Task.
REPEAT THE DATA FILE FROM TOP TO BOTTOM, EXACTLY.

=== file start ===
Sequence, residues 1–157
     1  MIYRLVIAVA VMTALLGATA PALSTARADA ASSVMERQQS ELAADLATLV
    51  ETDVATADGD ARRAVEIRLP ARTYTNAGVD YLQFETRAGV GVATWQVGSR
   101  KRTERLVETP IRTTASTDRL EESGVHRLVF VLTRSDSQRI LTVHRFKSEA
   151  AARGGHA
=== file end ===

Sequence, residues 1–157
     1  MIYRLVIAVA VMTALLGATA PALSTARADA ASSVMERQQS ELAADLATLV
    51  ETDVATADGD ARRAVEIRLP ARTYTNAGVD YLQFETRAGV GVATWQVGSR
   101  KRTERLVETP IRTTASTDRL EESGVHRLVF VLTRSDSQRI LTVHRFKSEA
   151  AARGGHA